The study of quantum-degenerate ultracold atomic gases has historically been guided by explorations of geometry, dimensionality, topology, and interaction. Whenever the parameter space of dimensionality and geometry has been expanded, interesting physics has typically been unveiled. Studying Bose–Einstein condensates (BECs) in 2D has yielded insight into quasi-condensation and the Berezinskii–Kosterlitz–Thouless (BKT) transition,1,2,3 and in 1D insight into fermionization and many-body systems out of equilibrium.4,5,6 Exploring toroidal condensates has driven progress in understanding persistent currents and uncovered links to cosmological inflation,7,8 and double-well condensates have been used for many applications including matter-wave interferometry and spin squeezing.9,10 A shell- or bubble-geometry BEC, while physically interesting due to its distinct topology, has not been physically realized due to the distorting influence of gravity on typical atom traps. In this work, we present modeling related to proposed experiments with bubble-geometry BECs aboard the NASA Cold Atom Laboratory (CAL), currently in operation aboard the International Space Station (ISS).

An experimental path to creation of shell potentials for BECs was proposed not long after the first creation of BEC itself, focusing on so-called adiabatic potentials created with radiofrequency (rf)-dressed magnetic traps.11 Alternate schemes for the study of shell BECs have focused on the specific study of the superfluid shells in optical-lattice Mott-insulator systems,12 or in the exotic environment of a neutron star.13 More recent theoretical work has focused on the collective modes of shell condensates, and the signatures of a condensate transitioning to a hollow shell from a conventional topology.14,15 Interesting effects are predicted to occur when a shell condensate is released into time-of-flight expansion; different regions of the shell BEC will interfere with each other, resulting in spatial matter-wave interference patterns that are quite sensitive to the shape of the shell potential and (via mean-field interactions) the number of atoms in the condensate.16 Recent work has also been done exploring the basic physics of BEC on the surface of a sphere.17,18,19

Further, the motivation for the study of shell-shaped condensates stems from the drastic change in topology associated with expansion into a shell; vortex behavior (for example) shows promise as an avenue of investigation, including the potential study of vortex lattices in a curved background. Vortices in a shell-shaped condensate will behave in a qualitatively different manner than those in a flat condensate (such as a disk) because of the curvature of the shell surface and because of the topology of the shell as an unbounded simply connected surface. Previous theoretical work has predicted that a single pair of vortices on the surface of a sphere will repel and therefore arrange themselves at polar-opposite points.20 Vortices in the shell-condensate system can be induced through rotations or, if the shell is thin enough, they will be spontaneously produced near the thermal transition to a non-condensed gas.21 The effect of curvature on vortices in a thin condensate is a richer area for exploration; for example, defects (such as vortices) on a curved surface experience a force due to the local curvature.22,23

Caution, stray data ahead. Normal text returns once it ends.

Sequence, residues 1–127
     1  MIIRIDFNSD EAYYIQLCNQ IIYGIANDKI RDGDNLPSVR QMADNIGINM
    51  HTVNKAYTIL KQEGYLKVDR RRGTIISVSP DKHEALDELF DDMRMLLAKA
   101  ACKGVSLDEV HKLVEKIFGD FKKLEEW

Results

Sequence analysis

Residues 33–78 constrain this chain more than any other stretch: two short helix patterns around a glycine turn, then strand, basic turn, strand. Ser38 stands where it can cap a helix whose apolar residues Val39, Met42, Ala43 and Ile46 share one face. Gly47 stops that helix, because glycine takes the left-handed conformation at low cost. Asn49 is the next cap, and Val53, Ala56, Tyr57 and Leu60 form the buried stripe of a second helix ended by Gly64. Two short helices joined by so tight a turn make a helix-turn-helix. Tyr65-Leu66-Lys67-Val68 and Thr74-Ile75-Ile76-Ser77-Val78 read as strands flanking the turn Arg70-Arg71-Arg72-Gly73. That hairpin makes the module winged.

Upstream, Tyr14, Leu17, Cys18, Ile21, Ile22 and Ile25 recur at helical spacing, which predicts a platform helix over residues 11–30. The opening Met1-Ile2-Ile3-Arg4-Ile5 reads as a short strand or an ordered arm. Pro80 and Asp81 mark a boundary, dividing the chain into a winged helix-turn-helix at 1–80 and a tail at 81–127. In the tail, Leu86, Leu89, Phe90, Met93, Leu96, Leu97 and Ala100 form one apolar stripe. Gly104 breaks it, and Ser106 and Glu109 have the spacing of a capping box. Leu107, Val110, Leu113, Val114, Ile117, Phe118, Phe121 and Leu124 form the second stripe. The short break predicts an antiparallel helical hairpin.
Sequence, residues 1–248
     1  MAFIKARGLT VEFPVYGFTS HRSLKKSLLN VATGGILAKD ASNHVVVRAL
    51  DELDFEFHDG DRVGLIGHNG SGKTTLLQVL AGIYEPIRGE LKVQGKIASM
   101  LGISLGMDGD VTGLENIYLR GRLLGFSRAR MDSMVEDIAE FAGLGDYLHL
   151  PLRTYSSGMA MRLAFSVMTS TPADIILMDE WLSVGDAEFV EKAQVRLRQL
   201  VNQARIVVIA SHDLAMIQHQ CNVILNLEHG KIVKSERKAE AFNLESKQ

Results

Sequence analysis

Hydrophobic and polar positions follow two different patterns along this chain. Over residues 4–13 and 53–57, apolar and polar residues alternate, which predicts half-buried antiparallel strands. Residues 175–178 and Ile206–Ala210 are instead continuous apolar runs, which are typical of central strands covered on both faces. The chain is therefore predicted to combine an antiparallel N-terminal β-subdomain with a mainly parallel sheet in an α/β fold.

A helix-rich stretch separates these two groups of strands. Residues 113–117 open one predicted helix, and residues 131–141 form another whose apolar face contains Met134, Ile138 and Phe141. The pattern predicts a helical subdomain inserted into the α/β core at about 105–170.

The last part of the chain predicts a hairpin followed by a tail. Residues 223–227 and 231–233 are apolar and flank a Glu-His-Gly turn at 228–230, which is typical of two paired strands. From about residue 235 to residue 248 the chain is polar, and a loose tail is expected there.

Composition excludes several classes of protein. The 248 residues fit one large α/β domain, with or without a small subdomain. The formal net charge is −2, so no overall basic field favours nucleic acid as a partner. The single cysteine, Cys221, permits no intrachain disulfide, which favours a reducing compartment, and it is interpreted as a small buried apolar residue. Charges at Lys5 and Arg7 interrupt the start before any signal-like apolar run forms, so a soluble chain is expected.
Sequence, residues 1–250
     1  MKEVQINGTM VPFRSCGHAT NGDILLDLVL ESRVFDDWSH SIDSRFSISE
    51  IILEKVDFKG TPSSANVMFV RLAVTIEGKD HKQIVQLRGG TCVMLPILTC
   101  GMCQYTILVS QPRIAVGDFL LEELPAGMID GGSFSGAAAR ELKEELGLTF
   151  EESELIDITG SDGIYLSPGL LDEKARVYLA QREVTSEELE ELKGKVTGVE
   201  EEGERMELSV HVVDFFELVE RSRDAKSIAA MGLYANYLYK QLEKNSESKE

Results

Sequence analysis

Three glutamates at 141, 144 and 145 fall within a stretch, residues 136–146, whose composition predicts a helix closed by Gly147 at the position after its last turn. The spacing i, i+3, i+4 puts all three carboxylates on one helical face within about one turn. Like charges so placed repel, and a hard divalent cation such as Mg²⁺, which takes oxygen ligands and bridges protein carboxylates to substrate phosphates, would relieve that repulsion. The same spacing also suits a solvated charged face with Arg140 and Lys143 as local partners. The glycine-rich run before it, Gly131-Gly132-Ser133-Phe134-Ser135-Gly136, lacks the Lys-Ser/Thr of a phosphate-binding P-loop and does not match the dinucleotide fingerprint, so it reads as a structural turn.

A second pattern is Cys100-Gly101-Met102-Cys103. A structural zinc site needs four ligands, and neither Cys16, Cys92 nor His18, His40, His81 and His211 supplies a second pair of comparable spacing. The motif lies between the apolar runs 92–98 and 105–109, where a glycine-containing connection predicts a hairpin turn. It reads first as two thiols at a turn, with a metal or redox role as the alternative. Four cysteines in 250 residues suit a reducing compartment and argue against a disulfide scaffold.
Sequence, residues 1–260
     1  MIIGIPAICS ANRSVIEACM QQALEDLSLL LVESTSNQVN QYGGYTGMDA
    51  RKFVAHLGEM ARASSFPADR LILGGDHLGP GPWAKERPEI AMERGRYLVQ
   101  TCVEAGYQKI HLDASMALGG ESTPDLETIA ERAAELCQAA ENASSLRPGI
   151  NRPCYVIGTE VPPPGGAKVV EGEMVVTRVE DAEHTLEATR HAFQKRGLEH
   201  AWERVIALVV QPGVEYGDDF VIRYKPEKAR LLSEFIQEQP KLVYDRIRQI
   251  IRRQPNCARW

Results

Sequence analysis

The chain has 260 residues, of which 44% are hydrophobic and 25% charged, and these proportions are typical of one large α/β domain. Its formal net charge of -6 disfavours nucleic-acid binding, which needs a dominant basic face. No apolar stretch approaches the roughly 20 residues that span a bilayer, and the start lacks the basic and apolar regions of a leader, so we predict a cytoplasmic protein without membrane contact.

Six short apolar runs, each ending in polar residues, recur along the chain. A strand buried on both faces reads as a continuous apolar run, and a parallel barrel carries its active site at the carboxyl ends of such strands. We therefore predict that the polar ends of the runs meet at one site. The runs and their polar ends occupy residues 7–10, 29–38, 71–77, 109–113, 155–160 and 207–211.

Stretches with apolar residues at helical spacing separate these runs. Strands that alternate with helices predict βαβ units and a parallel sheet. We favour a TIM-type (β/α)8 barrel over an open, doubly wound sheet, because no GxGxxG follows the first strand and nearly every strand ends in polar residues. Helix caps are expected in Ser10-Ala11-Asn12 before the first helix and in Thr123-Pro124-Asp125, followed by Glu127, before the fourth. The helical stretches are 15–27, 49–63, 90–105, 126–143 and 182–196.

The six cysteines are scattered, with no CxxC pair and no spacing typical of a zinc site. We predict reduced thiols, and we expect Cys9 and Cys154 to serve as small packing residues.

The interaction of rf or microwave radiation with a set of Zeeman-split hyperfine manifolds is a well-studied system that is often characterized in terms of dressed states, which in the case of inhomogeneous magnetic fields, such as found in magnetic traps result in so-called adiabatic potentials.24,25 Figure 1 illustrates the general idea of rf dressing; lower-lying adiabatic potentials are associated with the “rf knife" techniques of evaporative cooling in magnetic traps, while the higher-lying adiabatic potentials can be understood as double-wells in 1D, ring potentials in 2D, and shell potentials in 3D, as first proposed by Zobay and Garraway.11,26,27 Experimentally, ultracold gases in rf-dressed shell potentials were first generated with the key observation that gravitational sag caused the shell-trapped samples to localize near the bottom of the shell potential;28,29 indeed, this localization could be considered a feature due to the possibilities of applying it to studies of effectively 2D quantum gases.30

Fig. 1
figure 1

Schematic representation of rf dressing and bubble-potential creation. a A two-level system in a magnetic trap undergoing rf dressing; at left, the bare picture of a trapped state and an antitrapped state with an rf signal resonant at a particular point in space, at right, the dressed-state picture with adiabatic potentials. b A realistic five-level system (\(F=2\)) in an atom-chip style magnetic trap as discussed in the text. The initial trapping potential (blue) can be adiabatically converted to the dressed potential (red), depicted at right with an expanded vertical scale. In both cases energy levels are split by Zeeman shifts in the bare picture and by coupling strength \(\Omega\) in the dressed picture. The shell potential can be visualized by considering these curves as slices through a 3D potential; thus, trapped atoms will reside at the ‘notches’ of the curves at right which have associated trap frequencies \(\sim\)100–1000 Hz, depending on specific dressing parameters.